Preferred acidic components include one or more mono- or dicarboxylic acids containing 10 to 22 carbon atoms, sulfuric acid monoalk(en)yl esters containing 10 to 20 carbon atoms, alk(en)yl or alkylaryl sulfonic acids containing 10 to 20 carbon atoms, and polymeric polycarboxylic acids obtainable by polymerization of ethylenically unsaturated mono- and/or dicarboxylic acids.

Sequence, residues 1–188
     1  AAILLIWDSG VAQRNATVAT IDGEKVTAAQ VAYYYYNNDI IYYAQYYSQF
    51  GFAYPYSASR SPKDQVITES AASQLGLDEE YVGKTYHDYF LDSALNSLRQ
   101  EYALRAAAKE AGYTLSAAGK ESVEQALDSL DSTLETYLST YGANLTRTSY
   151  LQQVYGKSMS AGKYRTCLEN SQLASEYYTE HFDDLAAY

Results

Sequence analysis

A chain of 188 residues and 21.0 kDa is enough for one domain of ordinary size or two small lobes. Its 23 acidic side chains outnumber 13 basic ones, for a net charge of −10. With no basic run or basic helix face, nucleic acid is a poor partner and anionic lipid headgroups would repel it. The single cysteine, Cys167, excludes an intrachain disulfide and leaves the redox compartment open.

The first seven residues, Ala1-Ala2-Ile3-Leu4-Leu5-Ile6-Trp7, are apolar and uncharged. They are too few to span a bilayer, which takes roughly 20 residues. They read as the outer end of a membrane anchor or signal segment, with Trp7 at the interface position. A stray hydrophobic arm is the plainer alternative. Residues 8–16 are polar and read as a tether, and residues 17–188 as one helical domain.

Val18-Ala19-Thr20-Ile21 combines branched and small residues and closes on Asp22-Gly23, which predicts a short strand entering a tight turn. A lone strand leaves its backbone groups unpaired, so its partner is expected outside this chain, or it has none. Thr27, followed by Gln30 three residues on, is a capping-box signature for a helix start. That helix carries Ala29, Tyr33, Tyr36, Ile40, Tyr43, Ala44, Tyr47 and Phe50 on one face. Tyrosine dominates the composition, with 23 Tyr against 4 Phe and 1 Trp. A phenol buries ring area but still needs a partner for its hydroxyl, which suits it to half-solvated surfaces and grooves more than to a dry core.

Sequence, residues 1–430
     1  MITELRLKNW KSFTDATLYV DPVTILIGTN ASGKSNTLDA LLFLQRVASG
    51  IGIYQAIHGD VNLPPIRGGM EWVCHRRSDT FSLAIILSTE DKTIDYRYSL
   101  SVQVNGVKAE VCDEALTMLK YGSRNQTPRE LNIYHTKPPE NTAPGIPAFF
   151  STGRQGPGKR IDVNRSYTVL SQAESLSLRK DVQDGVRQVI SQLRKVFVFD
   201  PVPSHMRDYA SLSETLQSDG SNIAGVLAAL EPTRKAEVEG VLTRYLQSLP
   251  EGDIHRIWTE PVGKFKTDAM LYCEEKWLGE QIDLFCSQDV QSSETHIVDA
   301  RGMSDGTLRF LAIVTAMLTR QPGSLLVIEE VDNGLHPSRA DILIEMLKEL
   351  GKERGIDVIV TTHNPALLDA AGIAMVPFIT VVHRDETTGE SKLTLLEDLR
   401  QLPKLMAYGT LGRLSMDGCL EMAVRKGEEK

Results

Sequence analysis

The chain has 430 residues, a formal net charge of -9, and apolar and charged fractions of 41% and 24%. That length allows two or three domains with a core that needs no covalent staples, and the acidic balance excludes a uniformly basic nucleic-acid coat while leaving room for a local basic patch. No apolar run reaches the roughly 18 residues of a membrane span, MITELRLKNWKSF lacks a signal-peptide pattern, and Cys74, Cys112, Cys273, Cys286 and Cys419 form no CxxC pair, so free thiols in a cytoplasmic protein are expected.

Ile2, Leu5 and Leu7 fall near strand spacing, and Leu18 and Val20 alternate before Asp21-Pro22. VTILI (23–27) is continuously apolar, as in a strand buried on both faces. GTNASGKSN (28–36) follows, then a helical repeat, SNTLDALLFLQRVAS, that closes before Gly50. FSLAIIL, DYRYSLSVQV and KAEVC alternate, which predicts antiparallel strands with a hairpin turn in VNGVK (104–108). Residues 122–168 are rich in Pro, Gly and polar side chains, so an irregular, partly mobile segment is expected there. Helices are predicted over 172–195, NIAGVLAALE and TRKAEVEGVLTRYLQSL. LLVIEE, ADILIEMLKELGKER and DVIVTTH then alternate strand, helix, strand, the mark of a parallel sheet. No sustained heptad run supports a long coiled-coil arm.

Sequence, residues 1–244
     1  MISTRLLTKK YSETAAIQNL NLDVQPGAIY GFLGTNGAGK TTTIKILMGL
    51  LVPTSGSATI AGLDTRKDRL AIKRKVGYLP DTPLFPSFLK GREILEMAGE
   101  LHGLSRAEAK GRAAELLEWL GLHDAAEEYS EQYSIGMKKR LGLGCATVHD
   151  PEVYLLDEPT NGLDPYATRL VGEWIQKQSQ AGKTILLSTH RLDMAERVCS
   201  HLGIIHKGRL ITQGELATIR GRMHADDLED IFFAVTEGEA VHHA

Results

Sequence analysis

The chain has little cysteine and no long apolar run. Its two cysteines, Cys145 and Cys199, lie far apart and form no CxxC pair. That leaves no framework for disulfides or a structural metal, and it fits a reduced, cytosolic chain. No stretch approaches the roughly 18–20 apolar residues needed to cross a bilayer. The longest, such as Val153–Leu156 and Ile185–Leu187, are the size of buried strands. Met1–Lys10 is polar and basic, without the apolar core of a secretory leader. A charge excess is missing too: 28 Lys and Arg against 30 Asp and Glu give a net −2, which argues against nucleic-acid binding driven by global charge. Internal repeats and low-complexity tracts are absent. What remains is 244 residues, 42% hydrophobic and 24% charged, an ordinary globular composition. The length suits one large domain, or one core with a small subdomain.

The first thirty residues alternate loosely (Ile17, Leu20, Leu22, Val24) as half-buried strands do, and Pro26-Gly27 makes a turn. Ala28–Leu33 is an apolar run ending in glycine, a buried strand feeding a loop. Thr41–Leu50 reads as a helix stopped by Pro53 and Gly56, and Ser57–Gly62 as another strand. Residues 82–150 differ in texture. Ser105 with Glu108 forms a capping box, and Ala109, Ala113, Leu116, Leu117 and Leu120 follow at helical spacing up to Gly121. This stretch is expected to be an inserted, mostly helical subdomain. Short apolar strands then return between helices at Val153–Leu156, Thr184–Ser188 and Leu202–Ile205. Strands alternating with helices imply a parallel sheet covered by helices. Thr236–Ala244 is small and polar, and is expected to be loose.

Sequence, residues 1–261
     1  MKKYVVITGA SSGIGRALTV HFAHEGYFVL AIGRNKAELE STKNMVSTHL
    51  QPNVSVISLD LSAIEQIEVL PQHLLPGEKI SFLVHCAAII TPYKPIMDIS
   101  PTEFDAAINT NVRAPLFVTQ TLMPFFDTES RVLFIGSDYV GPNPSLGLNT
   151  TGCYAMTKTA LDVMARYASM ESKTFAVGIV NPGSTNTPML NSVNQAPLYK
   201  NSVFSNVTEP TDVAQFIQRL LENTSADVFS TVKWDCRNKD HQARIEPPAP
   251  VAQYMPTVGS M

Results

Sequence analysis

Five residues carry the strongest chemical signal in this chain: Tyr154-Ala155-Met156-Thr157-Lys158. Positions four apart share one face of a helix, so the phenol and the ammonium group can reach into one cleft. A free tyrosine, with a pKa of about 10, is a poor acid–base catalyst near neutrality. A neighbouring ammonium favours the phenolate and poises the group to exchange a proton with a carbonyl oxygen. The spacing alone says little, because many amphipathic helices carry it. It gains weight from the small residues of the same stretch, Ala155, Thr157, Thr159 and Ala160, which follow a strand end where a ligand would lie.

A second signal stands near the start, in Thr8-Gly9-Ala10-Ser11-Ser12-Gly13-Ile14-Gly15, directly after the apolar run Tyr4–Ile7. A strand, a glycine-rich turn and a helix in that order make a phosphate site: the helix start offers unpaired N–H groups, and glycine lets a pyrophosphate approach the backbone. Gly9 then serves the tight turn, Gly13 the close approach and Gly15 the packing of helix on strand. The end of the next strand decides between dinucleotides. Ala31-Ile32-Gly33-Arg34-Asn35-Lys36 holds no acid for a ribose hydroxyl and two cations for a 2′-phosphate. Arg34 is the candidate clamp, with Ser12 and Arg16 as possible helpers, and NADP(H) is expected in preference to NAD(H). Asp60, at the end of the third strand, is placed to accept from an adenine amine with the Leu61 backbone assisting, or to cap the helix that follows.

Although only a theoretical assumption to which applicants do not wish to be bound, the process according to the invention presumably creates a particularly dense and comparatively sparingly or slowly water-soluble coating, which remains reliably impermeable after introduction into an aqueous system and hence allows the production of detergents with a stepped pH profile, through the neutralization reaction of the acidic coating material with the alkaline particle on the surface thereof. The particles obtainable in accordance with the invention almost exclusively contain the ingredients of the particle originally used in their core. This core is surrounded by a layer in which increasingly higher concentrations of acidic coating material or the salt thereof formed with the alkaline component occur from inside outwards, the outer surface optionally being formed entirely by acidic coating material. This layered structure provides the coated particle with stepped dissolving behavior. On contact with water, hardly any alkaline material is dissolved from the coated particle for a certain time to begin with although, as soon as the coating has at least partly dissolved and no longer completely surrounds the particle, the pH value of the aqueous system increases so to speak suddenly through the release of the alkaline material from the core.